New book recognizes the history of county’s black schools (with video)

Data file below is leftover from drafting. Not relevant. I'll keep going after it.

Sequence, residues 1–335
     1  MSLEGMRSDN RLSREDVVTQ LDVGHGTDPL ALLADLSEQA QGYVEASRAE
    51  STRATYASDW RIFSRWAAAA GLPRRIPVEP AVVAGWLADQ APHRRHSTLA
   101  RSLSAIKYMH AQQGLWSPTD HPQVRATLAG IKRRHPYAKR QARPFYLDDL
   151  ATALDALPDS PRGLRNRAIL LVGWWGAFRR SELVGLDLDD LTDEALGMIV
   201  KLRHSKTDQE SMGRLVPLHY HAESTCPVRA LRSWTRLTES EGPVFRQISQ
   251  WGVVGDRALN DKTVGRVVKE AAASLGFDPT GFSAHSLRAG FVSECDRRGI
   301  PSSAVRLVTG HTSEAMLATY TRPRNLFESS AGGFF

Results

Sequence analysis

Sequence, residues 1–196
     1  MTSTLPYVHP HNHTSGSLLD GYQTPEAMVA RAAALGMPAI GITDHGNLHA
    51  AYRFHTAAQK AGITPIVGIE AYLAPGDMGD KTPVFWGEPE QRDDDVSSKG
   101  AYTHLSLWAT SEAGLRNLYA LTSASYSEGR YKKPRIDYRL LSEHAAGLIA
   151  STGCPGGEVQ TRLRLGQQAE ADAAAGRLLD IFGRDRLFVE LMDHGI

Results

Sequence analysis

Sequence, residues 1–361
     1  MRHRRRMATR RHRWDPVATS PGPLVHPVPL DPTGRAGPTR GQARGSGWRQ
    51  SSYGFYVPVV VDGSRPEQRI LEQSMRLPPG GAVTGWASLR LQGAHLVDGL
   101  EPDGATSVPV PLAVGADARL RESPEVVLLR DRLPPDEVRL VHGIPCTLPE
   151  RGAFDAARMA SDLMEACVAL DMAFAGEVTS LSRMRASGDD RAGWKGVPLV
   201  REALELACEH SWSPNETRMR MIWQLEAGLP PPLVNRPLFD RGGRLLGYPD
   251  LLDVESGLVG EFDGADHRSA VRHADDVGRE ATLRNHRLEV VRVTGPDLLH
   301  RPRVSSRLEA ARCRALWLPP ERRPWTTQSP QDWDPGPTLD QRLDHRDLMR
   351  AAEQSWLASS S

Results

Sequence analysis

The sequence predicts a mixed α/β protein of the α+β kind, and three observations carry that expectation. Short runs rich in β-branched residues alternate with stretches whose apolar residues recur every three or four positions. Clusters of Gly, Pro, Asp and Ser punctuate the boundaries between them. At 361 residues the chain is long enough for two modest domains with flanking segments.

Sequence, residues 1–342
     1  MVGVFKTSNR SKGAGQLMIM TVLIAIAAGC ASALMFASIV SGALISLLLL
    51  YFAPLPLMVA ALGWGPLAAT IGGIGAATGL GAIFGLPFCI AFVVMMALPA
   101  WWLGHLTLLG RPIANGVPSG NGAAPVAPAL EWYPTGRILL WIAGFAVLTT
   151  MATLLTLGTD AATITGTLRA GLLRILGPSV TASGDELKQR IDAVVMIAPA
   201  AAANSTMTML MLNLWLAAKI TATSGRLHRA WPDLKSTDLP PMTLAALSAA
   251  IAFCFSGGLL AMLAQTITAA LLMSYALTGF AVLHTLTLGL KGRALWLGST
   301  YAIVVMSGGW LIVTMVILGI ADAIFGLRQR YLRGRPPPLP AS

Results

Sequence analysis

“I learned from the history of black schools that there was a very good solid beginning from black people,” she said. She said the black community recognized the need for education. Bridges remembers working as a servant in the home of O. Max Gardner. “One morning,” she said, “I heard Gov. Gardner coming down the staircase.” She said he asked her where the other servants were and then told her he planned to donate some land for a new school site adjacent to his property. That school, no longer standing, makes up just part of what’s profiled in the book series. Gardner also donated land for the first black cemetery and ended up paying the full tuition and fees for Ezra to attend and graduate from Columbia University. “The Governor believed that education was the key for blacks to move beyond segregation and the lack of equal treatment,” said Bridges.

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